Investigators at Washington University School of Medicine, St Louis, MO, evaluated retrospectively clinical, laboratory, and muscle histochemistry and oxidative enzyme characteristics in 49 children with suspected mitochondrial disorders. Children (n=18) with CoQ10 deficiency in muscle were compared to 31 with normal CoQ10 values. Motor delay/hypotonia and cognitive/language delay were the most frequent clinical features in CoQ10-deficient and control groups. Seizures or epileptiform EEG occurred in 56%. Type 2C muscle fibers were 5.5-fold more frequent in CoQ10-deficient patients compared with mitochondrial and nonmitochondrial controls (P<0.0001). Type 2C fiber frequency of >5% had 89% sensitivity and 84% specificity for CoQ10 deficiency in these patients. No biopsy showed active myopathy. Multiple abnormalities in muscle oxidative enzyme activities were more frequent in CoQ10-deficient patients than controls. [1]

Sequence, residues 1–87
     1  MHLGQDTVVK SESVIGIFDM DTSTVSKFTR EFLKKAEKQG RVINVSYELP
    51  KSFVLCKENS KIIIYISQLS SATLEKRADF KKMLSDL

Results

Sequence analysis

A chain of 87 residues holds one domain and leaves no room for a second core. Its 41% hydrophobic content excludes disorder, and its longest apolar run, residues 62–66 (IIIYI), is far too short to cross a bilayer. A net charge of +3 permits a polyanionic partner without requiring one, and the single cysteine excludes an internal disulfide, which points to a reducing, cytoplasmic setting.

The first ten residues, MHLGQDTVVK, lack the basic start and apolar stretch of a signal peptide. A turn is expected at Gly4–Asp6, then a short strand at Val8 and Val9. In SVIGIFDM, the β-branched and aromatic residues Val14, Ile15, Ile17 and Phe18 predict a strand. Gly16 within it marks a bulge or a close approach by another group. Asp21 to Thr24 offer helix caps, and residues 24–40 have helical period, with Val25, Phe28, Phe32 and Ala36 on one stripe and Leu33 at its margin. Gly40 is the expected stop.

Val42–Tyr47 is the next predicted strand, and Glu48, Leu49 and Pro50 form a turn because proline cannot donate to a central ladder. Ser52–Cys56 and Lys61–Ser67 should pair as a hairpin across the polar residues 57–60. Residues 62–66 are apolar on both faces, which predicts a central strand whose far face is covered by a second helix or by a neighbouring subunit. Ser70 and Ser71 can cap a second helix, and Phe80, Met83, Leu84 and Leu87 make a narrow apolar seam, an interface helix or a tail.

COMMENT. An increased frequency of type 2C fibers in morphologically normal muscle is a sensitive and specific histological marker of CoQ10 deficiency in a child suspected of having a mitochondrial disorder. Clinical syndromes associated with CoQ10 deficiency are diverse and include myopathy, cerebellar ataxia, nephrotic syndrome, and encephalopathy including Leigh syndrome. Early diagnosis is important since some cases are responsive to treatment with CoQ10 supplementation.